The DNA disagrees with the EPC’s recommendation to retain SU-2/HAD zoning from the 1976 plan for a portion of the block between Tijeras, Kent, 9th, and 10th. There are several significant problems with this surprising recommendation.
1. The EPC singled out a particular property and owner for special treatment – including creating a whole new zoning category just for them – clearly creating a spot zone. This change does not meet the requirements in the Code of Resolutions Section 1-1-2 since it does not help further the Comprehensive Plan or other area plans but was instead changed in spite of the recommendations of a deliberative planning process. The EPC did not provide any justification for the different treatment.
2. Furthermore, the EPC’s findings justified the rezoning of multiple properties from HDA to MR. These properties are not different from the 10th & Tijeras property, and the 10th & Tijeras property will be surrounded on three sides by MR zoning, including the immediate neighboring property. The fourth side is zoned MUL, which is more restrictive on building heights.
3. The HDA zoning that EPC applied to the property relies primarily on R4 zoning for its regulations, but the R4 zone category no longer even exists, so the HDA zone is entirely ambiguous and would need to be fully defined – just for one property owner.
The property should remain zoned MR as originally proposed to the EPC.

The DNA’s intentions in proposing MUL zoning to eliminate RC zoning was to mirror the Wells Park Plan on the north side of Mountain Road and to address the numerous problems with enforcing the RC zoning. The most significant problem is that RC zoning allows a maximum of 50% office use of a property, but that requirement has been impossible to enforce.

The common enforcement problem is that people have established 100% office uses in RC-zoned houses, but when challenged they have claimed that they lived there or had someone living there. To other people living on the same street it was obvious that they were not living there. However, the city zoning office, obviously lacking the resources to stake out a property to see that nobody was there night after night, was not able to determine that this was the case because of easily staged evidence, like food in a refrigerator, the presence of a bed, and clothes in a closet. Some of these businesses have been operating illegally for years, not because neighbors haven’t challenged them but because the city zoning office hasn’t been able to prove that they are, in fact, 100% office uses.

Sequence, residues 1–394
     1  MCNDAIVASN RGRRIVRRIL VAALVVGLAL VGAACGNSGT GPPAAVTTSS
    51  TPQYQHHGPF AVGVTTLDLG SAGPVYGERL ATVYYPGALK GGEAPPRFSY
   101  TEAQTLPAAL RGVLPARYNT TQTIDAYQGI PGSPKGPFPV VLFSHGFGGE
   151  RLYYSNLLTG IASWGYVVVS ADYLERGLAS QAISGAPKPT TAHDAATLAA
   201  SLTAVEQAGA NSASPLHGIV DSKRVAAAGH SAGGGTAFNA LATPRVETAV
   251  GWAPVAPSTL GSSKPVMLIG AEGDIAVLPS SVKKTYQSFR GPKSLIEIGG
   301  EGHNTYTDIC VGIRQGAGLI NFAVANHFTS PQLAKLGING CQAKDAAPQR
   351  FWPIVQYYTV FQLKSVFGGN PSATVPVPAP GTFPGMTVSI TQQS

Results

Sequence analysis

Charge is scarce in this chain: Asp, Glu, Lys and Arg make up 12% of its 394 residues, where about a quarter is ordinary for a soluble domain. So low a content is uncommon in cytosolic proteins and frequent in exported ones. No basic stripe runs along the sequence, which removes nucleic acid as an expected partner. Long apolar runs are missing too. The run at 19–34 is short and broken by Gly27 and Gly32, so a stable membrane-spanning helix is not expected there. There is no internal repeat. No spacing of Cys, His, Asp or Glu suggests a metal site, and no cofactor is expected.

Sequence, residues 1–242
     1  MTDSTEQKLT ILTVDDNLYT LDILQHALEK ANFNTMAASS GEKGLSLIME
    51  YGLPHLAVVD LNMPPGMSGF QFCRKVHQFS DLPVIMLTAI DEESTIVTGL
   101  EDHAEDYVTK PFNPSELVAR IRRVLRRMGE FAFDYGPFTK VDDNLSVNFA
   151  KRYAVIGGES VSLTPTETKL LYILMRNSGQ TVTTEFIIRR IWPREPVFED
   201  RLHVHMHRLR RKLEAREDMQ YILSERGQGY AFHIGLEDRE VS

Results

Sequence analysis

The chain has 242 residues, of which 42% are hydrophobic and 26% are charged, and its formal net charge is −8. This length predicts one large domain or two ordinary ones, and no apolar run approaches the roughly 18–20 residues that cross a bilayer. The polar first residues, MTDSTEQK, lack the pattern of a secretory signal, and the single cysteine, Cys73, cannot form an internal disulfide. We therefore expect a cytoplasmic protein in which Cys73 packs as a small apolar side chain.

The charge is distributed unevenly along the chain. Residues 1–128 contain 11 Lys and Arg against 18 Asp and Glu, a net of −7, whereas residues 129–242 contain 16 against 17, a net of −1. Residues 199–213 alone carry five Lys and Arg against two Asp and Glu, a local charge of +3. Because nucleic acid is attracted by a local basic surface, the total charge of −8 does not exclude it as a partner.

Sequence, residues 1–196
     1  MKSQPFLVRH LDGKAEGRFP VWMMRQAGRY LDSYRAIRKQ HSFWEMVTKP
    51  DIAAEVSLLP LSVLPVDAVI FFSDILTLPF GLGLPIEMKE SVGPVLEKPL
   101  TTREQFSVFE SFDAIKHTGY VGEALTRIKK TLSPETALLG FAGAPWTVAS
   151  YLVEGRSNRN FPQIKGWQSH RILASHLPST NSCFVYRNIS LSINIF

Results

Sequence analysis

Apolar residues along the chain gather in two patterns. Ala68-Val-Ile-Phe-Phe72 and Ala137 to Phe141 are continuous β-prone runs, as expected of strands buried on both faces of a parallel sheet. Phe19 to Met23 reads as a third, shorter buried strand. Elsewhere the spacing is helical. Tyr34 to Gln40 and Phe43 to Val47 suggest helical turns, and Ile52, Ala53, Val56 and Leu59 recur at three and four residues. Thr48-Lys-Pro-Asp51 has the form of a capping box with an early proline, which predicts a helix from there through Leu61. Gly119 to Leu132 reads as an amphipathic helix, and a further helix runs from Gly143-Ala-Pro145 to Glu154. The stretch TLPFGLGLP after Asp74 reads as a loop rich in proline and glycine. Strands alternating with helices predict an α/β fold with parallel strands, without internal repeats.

Our intention with the MUL zone change is to clearly identify where non-residential uses are appropriate (basically where that use has historically occurred, primarily along Mountain Road) and where they are not – not to reward illegal businesses that have been operating illegally out of RC-zoned houses for years. The MUL zone creates three tests (MUL section A.3.) for where non-residential use is permissive, basically if any of the following are true: 1) if most of the other properties on that block face are non-residential, 2) if the property has a building that’s been in non-residential use for a long time, and 3) if the building was originally built for non-residential use.

We recommend the following changes to clarify the MUL zoning:

1. The second test – for long-time non-residential use (MUL section A.3.b.) – needs to be amended based on our experiences with the RC zoning. The language needs to specify that non-residential uses are allowed if the subject property has contained a legal, 100% non-residential use for the last ten years.
2. We do not agree with the EPC’s recommendation that non-residential use be allowed where it has occurred for only six years. The requirement should be 10 of the last 50 years to match the Wells Park requirement on the other side of Mountain and to identify truly long-standing non-residential uses.
3. Current RC zoning (proposed MUL) extends several lots down three local streets intersecting Mountain Road: 8th, Forrester, and 11th Streets. These lots all have houses on them that do not meet the tests above and are not appropriate for non-residential use. Therefore, the MUL section A.3. should read: “Non-residential uses as listed under A.2. above are permissive provided the uses do not face a local street and any one of the following conditions are met….” Likewise, non-residential uses that face a local street should be removed from the list of conditional uses (C.1.).